Presidential election is underway in Madagascar despite an opposition boycott after prolong weeks of protests.
A curfew was declared overnight in the capital to prevent any trouble.
Political tensions have been running high, with the opposition saying that the incumbent, Andry Rajoelina, should be disqualified.
There have been six weeks of demonstrations, which have seen opposition supporters clash with police.
Opposition leaders have complained of an “institutional coup” in favour of Mr Rajoelina, saying he should be disqualified because he acquired French nationality.
According to reports, polling stations in opposition areas were mostly empty, with a a low-key security presence across Antananarivo.
This comes after 10 out of 12 opposition candidates raised their concerns about the election’s credibility and called on voters to boycott it.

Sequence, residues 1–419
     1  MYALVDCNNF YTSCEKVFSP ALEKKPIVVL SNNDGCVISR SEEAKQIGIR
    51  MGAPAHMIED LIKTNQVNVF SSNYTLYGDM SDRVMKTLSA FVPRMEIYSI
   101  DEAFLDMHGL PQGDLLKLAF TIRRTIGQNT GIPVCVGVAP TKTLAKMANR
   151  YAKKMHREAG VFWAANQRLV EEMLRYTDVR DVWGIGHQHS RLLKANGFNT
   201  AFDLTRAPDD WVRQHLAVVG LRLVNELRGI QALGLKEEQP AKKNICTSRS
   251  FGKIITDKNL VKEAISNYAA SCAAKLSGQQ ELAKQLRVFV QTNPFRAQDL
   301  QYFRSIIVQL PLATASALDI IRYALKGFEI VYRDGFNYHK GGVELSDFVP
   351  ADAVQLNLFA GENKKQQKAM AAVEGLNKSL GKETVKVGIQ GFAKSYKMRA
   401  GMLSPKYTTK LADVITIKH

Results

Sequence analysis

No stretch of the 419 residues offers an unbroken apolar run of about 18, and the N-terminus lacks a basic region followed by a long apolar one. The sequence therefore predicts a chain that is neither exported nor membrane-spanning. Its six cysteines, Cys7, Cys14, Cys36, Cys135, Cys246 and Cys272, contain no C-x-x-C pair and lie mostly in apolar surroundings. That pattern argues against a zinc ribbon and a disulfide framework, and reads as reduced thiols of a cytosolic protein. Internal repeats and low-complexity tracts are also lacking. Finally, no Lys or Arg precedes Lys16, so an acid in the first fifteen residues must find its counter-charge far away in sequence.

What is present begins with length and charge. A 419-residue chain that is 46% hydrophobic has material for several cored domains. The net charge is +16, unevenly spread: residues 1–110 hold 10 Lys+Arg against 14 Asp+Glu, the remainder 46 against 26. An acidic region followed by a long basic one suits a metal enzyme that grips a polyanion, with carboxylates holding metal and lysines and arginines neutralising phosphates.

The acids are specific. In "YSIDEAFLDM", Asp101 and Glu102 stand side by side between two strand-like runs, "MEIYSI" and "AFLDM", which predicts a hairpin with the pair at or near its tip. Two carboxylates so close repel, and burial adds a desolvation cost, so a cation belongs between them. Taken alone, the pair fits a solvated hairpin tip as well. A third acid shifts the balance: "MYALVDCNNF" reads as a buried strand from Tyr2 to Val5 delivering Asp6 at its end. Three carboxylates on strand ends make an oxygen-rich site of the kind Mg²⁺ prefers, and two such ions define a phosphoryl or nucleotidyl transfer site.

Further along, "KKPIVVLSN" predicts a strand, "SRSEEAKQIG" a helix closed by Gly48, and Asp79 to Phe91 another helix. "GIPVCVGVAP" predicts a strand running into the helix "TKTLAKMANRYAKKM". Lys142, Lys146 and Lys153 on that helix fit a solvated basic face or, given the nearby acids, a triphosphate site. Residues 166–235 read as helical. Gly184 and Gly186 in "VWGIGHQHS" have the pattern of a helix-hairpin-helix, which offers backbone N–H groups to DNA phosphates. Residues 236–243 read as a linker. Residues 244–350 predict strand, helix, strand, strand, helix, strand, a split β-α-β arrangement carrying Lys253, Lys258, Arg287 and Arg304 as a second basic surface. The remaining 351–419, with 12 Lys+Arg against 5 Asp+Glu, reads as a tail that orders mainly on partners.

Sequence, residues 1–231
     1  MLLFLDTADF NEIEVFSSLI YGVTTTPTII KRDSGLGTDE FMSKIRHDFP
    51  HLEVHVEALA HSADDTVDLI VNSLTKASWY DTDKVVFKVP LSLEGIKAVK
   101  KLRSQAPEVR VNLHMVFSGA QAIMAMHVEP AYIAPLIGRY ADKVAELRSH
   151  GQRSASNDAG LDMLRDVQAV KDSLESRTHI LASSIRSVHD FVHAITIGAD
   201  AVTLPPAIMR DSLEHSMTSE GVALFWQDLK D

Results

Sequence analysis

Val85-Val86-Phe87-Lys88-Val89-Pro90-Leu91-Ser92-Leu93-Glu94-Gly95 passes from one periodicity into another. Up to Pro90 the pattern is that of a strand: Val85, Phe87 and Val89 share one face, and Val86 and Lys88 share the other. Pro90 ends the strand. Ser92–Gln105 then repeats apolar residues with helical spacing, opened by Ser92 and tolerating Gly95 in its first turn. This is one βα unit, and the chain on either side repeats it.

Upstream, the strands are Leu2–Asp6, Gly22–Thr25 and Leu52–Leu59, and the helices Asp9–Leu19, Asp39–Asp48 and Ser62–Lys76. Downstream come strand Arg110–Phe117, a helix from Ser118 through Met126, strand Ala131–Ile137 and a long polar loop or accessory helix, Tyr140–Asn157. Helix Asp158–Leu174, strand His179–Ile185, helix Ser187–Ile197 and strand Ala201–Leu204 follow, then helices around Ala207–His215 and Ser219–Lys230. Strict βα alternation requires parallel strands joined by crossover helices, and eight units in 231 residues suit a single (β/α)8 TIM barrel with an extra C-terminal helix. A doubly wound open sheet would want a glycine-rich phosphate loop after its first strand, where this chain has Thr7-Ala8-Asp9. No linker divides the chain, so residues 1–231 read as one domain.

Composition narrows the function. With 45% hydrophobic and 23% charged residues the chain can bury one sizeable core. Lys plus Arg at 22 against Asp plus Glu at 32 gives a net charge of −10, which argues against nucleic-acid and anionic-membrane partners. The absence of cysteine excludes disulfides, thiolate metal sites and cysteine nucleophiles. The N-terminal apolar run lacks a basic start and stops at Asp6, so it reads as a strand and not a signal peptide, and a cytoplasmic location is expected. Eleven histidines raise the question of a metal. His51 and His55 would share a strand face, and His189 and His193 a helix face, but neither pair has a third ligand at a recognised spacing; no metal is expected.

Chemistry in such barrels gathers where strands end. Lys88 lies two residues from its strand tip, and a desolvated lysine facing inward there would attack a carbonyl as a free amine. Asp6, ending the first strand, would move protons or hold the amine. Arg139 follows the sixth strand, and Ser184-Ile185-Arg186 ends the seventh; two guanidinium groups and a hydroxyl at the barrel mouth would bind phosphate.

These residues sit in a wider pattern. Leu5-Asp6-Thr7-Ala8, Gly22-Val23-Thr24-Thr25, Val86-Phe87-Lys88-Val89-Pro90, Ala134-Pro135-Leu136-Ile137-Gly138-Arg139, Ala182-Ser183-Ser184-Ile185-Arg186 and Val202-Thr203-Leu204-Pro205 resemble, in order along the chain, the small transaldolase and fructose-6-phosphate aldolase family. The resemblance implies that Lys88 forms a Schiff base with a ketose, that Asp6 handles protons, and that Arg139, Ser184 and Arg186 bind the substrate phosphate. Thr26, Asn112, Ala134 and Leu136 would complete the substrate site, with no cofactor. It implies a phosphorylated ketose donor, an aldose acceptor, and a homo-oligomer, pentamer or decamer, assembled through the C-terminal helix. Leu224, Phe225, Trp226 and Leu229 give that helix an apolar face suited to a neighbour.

Mr Rajoelina, who is running for a third term, has warned opponents that preventing citizens from voting is unlawful.
He was joined by his family as he voted in Antananarivo’s northern neighbourhood of Atmobe.
“A handful of people tried to prevent citizens from expressing their choice. They have the right not to participate but the populations have the right and the duty to vote,” Mr Rajoelina said.
Madagascar, one of the poorest countries in the world, with 75% of people living below the poverty line in 2022, according to the World Bank.
In the 30 million populated country, 11m people are registered to vote.
Polls opened at 06:00 local time (03:00 GMT) and will close at 17:00 (14:00 GMT) on Thursday.
Mr Rajoelina, who officially resigned in September in order to run for re-election, has denied the criticism from opposition leaders and expressed confidence that he will win.
According to AFP, his government has said the protests are motivated by a “desire to overthrow power” and to “sabotage the electoral process”.
It has also accused the opposition of “threatening the stability of the country”.
Originally the president of the Senate was supposed to take over from Mr Rajoelina but declined. This left the decision to a “collegial government” headed by the prime minister, seen as a Rajoelina ally.